Relational databases have long been designed to operate efficiently on sets of data rather than individual data items. The database’s optimizations for operating on sets of data were generally one-way, in that the database excelled at returning sets of data to the application but generally provided little support for the application to send sets of data to the database.

Developers who needed to send sets of data to the database had to resort to such hacks as encoding lists of numbers in comma-delimited strings, or sets of records in XML strings that were parsed out in stored procedures.

SQL Server 2008 took a big step towards full bi-directional support for dealing with sets of data with the combination of user-defined table types (UDTTs) and table-valued parameters (TVPs). Put simply, UDTTs allowed developers to define data types that resembled tables with named and strongly-typed columns into which any number of rows could be inserted.

TVPs allowed developers to take those previously-defined UDTTs and use them as parameters or variables in stored procedures. Now, a developer could send sets of data from the application to the database in a type-safe, fully-supported fashion. No more difficult-to-maintain and poorly-performing hacks were required.

One of the most frequent database operations in Corepoint Integration Engine is the enqueuing of a message that has been received for subsequent processing. That message is always accompanied by somewhere between 0 and 2 descriptive entries about the message, depending on the channel through which the message was received. This operation seemed like the perfect opportunity to use a TVP – the message to be enqueued could be passed to the stored procedure as a single parameter. The descriptive entries (whether 0, 1, or 2 in number) could be inserted into a TVP that was also passed to the stored procedure.

This has two primary advantages:

  1. We would be required to write and maintain only a single piece of code that would work for all three cases of 0, 1, or 2 descriptive entries per message.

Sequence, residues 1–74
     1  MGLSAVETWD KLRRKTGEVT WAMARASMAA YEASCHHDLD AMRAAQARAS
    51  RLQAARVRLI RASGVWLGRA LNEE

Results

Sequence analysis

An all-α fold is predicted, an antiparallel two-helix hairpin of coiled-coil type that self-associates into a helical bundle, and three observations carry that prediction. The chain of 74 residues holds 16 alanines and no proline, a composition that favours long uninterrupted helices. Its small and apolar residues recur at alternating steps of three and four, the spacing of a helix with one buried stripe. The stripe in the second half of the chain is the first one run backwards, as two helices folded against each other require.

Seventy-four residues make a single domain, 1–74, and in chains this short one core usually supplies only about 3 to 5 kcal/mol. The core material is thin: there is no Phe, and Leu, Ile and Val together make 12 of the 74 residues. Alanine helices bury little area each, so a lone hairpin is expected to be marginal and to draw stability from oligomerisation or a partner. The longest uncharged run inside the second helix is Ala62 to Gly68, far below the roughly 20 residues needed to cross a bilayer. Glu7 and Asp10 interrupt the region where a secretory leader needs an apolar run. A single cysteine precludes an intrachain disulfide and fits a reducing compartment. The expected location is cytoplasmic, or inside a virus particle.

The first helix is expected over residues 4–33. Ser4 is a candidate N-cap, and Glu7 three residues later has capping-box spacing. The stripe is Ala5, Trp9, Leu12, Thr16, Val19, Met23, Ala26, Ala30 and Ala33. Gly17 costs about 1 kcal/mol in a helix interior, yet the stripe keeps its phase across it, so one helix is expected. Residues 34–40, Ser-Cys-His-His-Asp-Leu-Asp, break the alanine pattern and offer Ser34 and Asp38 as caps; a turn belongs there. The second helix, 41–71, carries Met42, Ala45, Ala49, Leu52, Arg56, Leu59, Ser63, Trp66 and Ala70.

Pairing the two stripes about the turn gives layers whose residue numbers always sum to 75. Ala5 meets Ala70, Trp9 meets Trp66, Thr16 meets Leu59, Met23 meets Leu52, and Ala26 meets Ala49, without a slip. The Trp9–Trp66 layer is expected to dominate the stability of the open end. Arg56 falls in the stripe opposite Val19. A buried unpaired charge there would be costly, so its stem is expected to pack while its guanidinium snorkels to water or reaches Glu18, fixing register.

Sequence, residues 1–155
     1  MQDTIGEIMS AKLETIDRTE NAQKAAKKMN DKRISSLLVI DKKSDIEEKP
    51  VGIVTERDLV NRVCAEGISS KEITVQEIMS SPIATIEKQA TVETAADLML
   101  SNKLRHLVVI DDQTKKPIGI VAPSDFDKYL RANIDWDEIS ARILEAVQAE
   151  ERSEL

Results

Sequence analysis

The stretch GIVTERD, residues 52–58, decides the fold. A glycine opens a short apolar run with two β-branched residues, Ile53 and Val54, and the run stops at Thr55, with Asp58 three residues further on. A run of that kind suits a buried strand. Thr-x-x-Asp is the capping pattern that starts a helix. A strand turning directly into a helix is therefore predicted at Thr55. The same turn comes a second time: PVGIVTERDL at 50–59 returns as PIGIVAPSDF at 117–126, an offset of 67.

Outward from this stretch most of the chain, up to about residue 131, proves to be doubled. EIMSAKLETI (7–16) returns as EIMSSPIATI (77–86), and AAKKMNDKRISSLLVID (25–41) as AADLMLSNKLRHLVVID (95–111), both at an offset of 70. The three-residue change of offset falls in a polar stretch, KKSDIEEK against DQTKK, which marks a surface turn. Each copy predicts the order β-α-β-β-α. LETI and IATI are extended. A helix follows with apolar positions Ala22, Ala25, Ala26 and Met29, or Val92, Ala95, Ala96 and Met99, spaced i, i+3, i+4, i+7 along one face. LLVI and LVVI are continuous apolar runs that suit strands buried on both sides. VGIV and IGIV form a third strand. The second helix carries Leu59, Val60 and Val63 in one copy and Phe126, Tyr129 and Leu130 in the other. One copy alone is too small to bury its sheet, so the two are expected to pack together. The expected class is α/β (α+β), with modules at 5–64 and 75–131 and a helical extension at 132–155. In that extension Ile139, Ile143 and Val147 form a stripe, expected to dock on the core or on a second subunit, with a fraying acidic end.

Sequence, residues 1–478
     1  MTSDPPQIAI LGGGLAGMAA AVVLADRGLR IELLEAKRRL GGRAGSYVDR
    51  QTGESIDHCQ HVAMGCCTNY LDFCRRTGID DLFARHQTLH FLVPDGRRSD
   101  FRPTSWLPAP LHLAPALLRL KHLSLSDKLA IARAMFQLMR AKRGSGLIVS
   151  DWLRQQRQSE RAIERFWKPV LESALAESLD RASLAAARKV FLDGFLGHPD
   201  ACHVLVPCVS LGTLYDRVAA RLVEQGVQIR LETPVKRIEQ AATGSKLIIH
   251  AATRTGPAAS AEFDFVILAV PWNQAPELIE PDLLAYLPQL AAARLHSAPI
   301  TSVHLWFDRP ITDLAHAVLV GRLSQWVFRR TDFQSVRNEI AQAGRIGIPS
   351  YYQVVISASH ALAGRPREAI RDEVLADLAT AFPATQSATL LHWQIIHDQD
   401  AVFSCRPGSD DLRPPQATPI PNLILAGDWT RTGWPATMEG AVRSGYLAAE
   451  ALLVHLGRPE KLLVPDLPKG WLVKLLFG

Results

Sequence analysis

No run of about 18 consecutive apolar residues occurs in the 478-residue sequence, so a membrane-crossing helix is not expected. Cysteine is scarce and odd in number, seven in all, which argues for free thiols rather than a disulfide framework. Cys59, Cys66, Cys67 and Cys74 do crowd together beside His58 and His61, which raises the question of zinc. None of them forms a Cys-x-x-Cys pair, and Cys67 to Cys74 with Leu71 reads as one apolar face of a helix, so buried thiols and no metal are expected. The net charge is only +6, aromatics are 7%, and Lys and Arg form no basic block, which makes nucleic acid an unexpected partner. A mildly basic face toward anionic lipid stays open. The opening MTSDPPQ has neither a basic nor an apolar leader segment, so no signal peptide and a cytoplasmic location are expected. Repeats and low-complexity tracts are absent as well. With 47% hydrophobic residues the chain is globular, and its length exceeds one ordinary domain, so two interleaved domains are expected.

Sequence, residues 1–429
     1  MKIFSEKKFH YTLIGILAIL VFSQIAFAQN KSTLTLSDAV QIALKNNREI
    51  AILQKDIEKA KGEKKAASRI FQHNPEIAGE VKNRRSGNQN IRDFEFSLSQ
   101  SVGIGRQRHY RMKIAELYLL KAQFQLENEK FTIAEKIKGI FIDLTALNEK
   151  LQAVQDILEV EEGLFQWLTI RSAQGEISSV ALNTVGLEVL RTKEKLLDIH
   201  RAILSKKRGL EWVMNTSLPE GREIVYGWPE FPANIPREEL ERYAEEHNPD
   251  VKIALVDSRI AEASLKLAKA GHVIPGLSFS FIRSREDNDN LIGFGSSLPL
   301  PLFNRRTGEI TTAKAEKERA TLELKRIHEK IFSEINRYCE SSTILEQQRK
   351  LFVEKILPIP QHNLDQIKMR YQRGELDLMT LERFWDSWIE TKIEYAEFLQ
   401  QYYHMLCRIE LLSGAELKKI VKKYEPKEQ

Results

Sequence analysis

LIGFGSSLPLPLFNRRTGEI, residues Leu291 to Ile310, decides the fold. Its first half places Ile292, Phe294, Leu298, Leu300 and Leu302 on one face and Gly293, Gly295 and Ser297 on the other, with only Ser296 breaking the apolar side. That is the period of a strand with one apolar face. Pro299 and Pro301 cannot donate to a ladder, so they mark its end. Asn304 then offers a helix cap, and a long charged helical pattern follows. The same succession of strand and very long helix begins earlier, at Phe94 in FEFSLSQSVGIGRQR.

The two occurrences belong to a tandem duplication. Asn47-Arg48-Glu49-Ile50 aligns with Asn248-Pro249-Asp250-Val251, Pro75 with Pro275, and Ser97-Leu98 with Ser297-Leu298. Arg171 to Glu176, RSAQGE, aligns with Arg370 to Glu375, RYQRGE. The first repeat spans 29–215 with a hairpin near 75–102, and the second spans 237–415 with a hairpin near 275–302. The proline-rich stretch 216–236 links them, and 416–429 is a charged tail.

2. If we added new channels to the engine in the future that had more than 2 descriptive entries per message, the existing code should “just work” since those additional descriptive entries could simply be added as additional rows to the TVP for the stored procedure.

We coded it up and it worked as expected with one wrinkle: buried deeply in the fine print on the documentation for SQL Server TVPs is the notice that they are materialized in tempdb. In other words, they are treated as miniature tables and written to disk.

Non-TVP parameters to stored procedures are not written disk and therefore do not incur the performance penalty associated with disk writes. Because this operation was among our most frequent database operations, we wanted to measure the performance cost of using TVPs in a high-volume stored procedure.  We tried splitting the one stored procedure that took the descriptive entries in a TVP into three separate stored procedures, each of which took either 0, 1, or 2 descriptive entries as regular parameters.

We found that our write load on tempdb declined by 70% and our engine’s overall processing time declined by 5%. We gave up the two advantages of the TVP implementation of that operation, but we were happy to do it given the performance increase.

We continue to use TVPs for other operations performed less frequently and where we send many more than 0-2 records to the database. We avoid using TVPs for high-volume operations where the input data can be relatively easily passed through regular stored procedure parameters.

Tags: , , ,
 Print Friendly